The Justice Department sues Georgia over its new voting law while ignoring states with similar requirements

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The U.S. Department of Justice (DOJ) is suing the state of Georgia over its new election security law and its requirements for voter ID, alleging that the new legislation is designed to make it much harder for black Georgians to vote  — despite the fact that many other states have the same requirements.

 

Quick Facts

 

 

“Our complaint alleges that recent changes to Georgia’s election laws were enacted with the purpose of denying or abridging the right of Black Georgians to vote on account of their race or color, in violation of Section Two of the Voting Rights Act,” Garland said.

 

Assistant Attorney General Kristen Clarke of the Civil Rights Division said, “The changes to absentee voting were not made in a vacuum. These changes come immediately after successful absentee voting in the 2020 election cycle, especially among Black voters. SB 202 seeks to halt and reverse this progress.”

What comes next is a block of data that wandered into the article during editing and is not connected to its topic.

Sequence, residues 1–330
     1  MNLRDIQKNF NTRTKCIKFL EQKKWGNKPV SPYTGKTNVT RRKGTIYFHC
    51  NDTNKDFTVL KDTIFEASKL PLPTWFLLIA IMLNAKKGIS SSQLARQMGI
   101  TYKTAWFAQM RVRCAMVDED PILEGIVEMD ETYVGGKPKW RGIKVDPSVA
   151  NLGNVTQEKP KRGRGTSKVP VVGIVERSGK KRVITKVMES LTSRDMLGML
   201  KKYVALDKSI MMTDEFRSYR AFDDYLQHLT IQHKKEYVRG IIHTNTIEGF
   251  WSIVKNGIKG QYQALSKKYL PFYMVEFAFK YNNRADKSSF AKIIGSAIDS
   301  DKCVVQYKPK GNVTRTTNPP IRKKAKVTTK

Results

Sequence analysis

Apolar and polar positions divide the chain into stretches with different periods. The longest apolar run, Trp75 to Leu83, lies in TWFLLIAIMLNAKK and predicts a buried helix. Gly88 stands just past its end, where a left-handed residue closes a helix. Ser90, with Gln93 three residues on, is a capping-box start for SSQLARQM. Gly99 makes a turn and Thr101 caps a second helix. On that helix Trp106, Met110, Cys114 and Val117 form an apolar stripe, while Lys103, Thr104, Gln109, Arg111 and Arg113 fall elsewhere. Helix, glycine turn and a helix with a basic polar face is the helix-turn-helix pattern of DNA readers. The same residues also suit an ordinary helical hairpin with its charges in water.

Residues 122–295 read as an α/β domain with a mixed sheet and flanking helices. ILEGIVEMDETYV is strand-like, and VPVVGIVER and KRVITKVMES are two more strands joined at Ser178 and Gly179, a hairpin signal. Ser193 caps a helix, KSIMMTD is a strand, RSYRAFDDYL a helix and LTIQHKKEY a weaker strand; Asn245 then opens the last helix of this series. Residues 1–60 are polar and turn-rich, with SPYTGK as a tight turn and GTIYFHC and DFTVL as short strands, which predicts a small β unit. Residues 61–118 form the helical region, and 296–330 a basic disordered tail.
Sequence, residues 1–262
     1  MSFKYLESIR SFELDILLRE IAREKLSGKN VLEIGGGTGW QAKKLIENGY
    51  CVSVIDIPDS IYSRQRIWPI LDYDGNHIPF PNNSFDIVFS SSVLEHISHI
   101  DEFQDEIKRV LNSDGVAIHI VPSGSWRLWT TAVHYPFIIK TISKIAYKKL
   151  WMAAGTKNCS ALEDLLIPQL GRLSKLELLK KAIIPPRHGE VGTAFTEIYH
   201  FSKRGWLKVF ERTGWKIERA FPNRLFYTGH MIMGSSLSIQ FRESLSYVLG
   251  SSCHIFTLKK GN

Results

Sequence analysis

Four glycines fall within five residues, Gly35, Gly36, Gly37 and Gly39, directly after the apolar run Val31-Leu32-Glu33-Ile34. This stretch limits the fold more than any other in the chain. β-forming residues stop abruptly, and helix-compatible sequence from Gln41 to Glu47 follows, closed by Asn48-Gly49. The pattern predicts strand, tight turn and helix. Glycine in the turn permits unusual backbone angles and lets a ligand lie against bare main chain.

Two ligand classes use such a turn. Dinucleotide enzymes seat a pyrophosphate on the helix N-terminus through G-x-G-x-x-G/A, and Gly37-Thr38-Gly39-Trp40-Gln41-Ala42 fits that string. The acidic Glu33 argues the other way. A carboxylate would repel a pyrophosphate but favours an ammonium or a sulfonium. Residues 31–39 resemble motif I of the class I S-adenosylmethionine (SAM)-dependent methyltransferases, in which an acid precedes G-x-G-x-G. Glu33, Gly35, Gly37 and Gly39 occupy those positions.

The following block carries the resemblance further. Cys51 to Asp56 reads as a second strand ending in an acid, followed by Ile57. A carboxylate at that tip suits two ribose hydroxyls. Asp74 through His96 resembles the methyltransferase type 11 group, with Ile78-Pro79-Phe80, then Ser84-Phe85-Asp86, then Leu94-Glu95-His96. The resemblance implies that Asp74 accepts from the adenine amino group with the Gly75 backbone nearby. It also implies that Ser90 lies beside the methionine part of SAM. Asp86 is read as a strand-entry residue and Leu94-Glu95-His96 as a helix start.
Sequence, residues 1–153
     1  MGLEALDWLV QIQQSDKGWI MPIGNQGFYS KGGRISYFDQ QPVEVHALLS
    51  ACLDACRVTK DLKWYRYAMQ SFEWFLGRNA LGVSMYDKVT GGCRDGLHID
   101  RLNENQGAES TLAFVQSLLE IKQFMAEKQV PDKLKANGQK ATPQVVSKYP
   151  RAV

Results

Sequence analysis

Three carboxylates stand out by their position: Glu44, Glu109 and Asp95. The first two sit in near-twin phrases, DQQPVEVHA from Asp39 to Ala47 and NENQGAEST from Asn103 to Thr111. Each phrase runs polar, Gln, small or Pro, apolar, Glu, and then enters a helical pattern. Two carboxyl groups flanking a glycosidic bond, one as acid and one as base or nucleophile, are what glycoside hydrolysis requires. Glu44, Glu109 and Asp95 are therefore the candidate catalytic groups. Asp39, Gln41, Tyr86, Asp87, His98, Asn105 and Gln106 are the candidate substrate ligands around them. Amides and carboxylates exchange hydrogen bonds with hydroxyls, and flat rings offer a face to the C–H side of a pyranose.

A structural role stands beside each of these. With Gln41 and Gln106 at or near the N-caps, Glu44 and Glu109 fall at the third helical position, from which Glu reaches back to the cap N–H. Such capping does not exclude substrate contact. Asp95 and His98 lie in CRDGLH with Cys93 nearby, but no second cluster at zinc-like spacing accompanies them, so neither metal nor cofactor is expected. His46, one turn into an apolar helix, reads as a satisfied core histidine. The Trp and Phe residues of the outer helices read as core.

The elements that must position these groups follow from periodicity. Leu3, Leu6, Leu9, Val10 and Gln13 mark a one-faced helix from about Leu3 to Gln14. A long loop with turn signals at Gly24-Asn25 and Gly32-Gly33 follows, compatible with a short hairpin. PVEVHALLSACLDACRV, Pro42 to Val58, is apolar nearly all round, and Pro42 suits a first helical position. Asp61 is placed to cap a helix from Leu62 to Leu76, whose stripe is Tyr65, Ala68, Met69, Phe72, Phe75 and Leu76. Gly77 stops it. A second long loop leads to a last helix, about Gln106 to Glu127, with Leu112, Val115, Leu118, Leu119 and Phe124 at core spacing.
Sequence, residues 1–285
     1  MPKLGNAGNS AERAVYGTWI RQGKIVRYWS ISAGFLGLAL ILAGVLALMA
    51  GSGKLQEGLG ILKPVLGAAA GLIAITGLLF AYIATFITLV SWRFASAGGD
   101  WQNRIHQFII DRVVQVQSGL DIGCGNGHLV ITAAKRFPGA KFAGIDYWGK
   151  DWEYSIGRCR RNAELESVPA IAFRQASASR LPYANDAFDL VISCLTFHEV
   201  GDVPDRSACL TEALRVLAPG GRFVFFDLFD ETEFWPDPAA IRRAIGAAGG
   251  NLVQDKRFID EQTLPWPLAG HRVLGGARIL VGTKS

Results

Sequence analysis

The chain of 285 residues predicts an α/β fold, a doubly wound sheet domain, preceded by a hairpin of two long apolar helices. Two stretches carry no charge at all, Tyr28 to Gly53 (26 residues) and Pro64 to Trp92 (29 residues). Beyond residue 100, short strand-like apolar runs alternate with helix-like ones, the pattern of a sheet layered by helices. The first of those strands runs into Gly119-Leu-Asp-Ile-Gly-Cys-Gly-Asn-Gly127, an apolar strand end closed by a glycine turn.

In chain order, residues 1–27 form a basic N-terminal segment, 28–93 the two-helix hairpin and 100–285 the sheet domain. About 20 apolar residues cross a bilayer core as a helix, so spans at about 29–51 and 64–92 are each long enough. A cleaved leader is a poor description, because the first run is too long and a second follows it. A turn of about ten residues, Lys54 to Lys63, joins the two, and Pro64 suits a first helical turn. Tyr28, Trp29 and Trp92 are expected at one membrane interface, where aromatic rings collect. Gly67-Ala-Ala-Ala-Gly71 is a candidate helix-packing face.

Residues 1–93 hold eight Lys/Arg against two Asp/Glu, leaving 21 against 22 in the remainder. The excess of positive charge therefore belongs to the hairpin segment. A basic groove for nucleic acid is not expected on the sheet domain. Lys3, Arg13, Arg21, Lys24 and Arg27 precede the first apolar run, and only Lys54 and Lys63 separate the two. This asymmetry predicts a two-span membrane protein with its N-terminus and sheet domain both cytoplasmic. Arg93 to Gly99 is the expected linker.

Derrick John, president of the National Association for the Advancement of Colored People (NAACP), supports the lawsuit, saying,

 

“The recent Jim Crow election laws in Georgia are a blatant assault on the American people’s most fundamental and sacred right, the right to vote. Today’s announcement from the Attorney General speaks to the level of urgency that is needed to protect our fragile democracy and ensure that all voices are heard. We are in a race against time, and against those working to discount us.”

 

The Biden administration continues to trumpet the President’s false claims that the law is “Jim Crow on steroids” and suppresses the votes of black citizens. Even the Washington Post gave Biden “four Pinocchios” on this statement.

 

Georgia Gov. Brian Kemp, R, responded to the lawsuit by saying, “This lawsuit is born out of the lies and misinformation the Biden administration has pushed against Georgia’s Election Integrity Act from the start. “

 

Referencing the Democrat’s attempt to pass the “For the People Act,” Kemp said,